Dozens Of Community Advocates Arrested After Blocking Downtown
By Dave Reynolds, Inclusion Daily Express
March 21, 2006
NASHVILLE, TENNESSEE--Tuesday marked the second day in a row that hundreds of disability rights activists shut down busy Nashville traffic to draw attention to the institutional bias in the nation's long-term care system and to Governor Phil Bredesen's cuts to services.
State and city police arrested 60 protesters, most of them in wheelchairs, eight hours after they moved into the busy streets near the Legislative Plaza Monday. The protesters, from ADAPT chapters across the country, sat in the rain and wind and chanted slogans such as "People . . . united . . . will never be defeated!" and "Free our people!"
"There's people that are dying in nursing homes," Memphis resident Angie Shown told WSMV-TV. "I'm here because there's a lot of people who can't be here."
Police were sharply criticized -- mostly by state employees and lawmakers trapped in a legislative office building -- for allowing the activists to block the streets for nearly five hours before making their first arrests.
On Tuesday, hundreds of protesters again took to the streets after a group that tried to meet with Bredesen at his office was turned away. That time, police moved in with accessible vans equipped with wheelchair lifts after about 10 minutes, according to an ADAPT report. Forty-four activists were arrested and taken into custody.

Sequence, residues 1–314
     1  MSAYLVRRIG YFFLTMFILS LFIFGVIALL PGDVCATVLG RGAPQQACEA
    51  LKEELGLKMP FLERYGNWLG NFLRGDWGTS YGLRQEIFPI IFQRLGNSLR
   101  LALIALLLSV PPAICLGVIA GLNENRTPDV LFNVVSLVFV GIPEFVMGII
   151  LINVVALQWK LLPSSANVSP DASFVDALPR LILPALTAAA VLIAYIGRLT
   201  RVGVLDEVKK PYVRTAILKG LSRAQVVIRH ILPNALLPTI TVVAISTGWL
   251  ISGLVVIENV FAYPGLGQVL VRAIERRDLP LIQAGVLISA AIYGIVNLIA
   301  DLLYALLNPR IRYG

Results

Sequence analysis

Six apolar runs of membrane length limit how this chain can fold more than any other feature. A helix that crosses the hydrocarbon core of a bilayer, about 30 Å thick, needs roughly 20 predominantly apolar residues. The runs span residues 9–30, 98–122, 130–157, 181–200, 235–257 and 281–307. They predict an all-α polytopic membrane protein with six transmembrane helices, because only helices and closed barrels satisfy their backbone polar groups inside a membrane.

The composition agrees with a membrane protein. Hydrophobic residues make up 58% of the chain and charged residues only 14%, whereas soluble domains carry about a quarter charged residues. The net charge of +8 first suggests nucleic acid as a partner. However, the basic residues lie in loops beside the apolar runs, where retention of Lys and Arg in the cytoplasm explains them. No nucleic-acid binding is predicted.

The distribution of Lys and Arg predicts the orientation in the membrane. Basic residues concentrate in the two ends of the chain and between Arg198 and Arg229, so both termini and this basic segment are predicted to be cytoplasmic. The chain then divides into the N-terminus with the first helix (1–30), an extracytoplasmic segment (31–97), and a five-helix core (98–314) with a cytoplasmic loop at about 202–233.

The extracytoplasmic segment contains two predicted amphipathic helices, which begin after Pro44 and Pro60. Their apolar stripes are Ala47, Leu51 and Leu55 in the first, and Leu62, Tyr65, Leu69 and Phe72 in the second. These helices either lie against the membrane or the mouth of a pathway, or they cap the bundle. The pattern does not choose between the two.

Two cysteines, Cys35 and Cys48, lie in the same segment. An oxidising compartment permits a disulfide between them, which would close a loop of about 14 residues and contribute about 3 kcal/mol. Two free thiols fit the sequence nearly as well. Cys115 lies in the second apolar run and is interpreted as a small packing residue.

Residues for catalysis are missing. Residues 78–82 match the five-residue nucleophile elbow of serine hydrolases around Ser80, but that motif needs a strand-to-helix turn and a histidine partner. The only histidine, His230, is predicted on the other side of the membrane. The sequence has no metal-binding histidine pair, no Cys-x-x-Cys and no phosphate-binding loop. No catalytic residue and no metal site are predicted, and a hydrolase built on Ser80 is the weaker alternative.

Last summer, ADAPT members from Tennessee staged a 10-week sit-in outside the governor's office after he ordered huge cuts to TennCare, the state's health care program. More than half a million Tennesseans -- many of them with disabilities -- either lost their coverage entirely or had their benefits sharply reduced as a cost-cutting measure. For some, those cuts included supports that would allow them to live as independently as possible in their own homes.
Jose Lara, an ADAPT protester from El Paso, Texas, told the Associated Press: "Tennessee is among the worst in providing long-term care. People with disabilities are being forced to live in institutions and nursing homes."
The activists are asking lawmakers and citizens to support the Tennessee Community Choices Act of 2006, a measure that would allow people in nursing homes and other institutions to take their funding with them into the community.
Bredesen dismissed ADAPT as merely a group of "professional protesters" and called their acts of civil disobedience a "publicity stunt".
ADAPT organizer Bob Kafka said Tuesday he believed the protests were having an impact.
Organizers said they intend to stay in Nashville through Thursday. They refused to say whether more protests would be staged.
"Protesters block off downtown streets" (Nashville City Paper)
"44 health-care protesters arrested in second day at Capitol" (WSMV-TV)
"Protesters demand at-home health aid" (Tennessean)
Protesters Slide Show (Tennessean)
Action Report (ADAPT)